Treatment Decisions–Example Scenarios Example scenarios to help you understand how to use all of the information on the screen. The recommendations below are based on a clinical article published in a peer reviewed journal. CLAIRE WHAT CLAIRE SEES WHAT CLAIRE DOES Claire has a target After breakfast After breakfast, Claire sees of 100 mg/dL and a her glucose is 250 mg/dL. correction factor of The trend arrow shows it is 1:50. This means she going down quickly. There is would take 1 unit of also a message at rapid-acting insulin the top of the screen and to lower her glucose the symbol. about 50 mg/dL. Treatment Decisions Anytime Claire sees the symbol, she does a blood glucose test before deciding what to do. Before lunch Claire sees her glucose is 250 mg/dL and rising. Before eating lunch, Claire takes enough insulin to cover the meal and a little more since her trend arrow was rising . After lunch Ninety minutes later, Claire’s glucose is still 250 mg/dL. The graph shows her glucose is still rising and so does the trend arrow . Claire does not take a correction dose as it is within 2 hours of her meal dose. This could result in “insulin stacking” and low glucose. The insulin she took for her meal may not have reached its full effect. Claire decides to wait and scan again later. Before dinner Claire sees her current glucose is 250 mg/dL. The graph shows that her glucose is going down and so does the trend arrow . Claire considers what might be causing her glucose to go down and what she might do to prevent a low glucose. She considers how much insulin she should take before her meal. Because For more scenarios, consult she sees she considers your FreeStyle Libre System User Guide. taking a little less insulin. *This method was based on: Pettus J., Edelman S.V. Recommendations for using Real-Time Continuous Glucose Monitoring (rtCGM) Data for Insulin Adjustments in Type 1 Diabetes. Journal of Diabetes Science and Technology. 2017;11:138-147. High Glucose Claire adds 50 mg/dL because of the rising trend arrow* Claire subtracts 50 mg/dL because of the falling trend arrow* 250 + 50 Claire subtracts her target number 300 - 100 Claire divides by her correction factor 200 ÷ 50 Claire takes 4 units of insulin = 4 250 - 50 Claire subtracts her target number 200 - 100 Claire divides by her correction factor 100 ÷ 50 Claire takes 2 units of insulin = 2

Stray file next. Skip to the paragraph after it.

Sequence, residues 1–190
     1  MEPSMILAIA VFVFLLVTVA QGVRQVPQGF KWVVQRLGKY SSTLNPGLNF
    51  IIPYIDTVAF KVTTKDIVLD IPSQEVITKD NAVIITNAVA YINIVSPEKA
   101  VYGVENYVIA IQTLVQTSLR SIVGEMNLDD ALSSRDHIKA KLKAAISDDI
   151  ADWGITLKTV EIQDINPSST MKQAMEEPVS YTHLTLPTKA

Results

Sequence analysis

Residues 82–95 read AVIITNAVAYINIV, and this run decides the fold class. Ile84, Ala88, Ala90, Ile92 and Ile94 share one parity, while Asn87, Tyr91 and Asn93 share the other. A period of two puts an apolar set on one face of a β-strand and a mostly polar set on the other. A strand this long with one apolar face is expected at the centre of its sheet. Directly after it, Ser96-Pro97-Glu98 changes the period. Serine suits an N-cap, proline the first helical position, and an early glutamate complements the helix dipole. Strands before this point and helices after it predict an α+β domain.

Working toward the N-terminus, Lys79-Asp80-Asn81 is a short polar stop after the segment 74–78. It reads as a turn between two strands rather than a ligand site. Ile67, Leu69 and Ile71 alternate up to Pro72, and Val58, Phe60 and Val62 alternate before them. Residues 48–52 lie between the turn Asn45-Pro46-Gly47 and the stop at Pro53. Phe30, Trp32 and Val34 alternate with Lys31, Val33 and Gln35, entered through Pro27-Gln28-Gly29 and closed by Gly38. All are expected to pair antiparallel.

When to Contact your Health Care Professional As instructed by the FreeStyle Libre labeling Symptoms • If you are experiencing symptoms that are not consistent with your glucose readings • If you have significant skin irritation around the sensor • If the sensor breaks in your body • If you are suffering from dehydration • If bleeding does not stop after removing sensor Treatment Decisions • To determine how you should use your sensor glucose information to help manage your diabetes • To determine and set your target glucose range • To understand how insulin works • To determine when to do nothing/scan again later • To determine how to use your blood glucose results • To discuss what to do if symptoms don’t match your blood glucose results

Sensor Readings • If you get a LO or HI sensor reading followed by a LO or HI blood glucose result Low GlucoseLO mgdL mgdL • If you are not sure about the reader message or the glucose reading Maintenance and Disposal 350 250 150502pm 6pm 10pm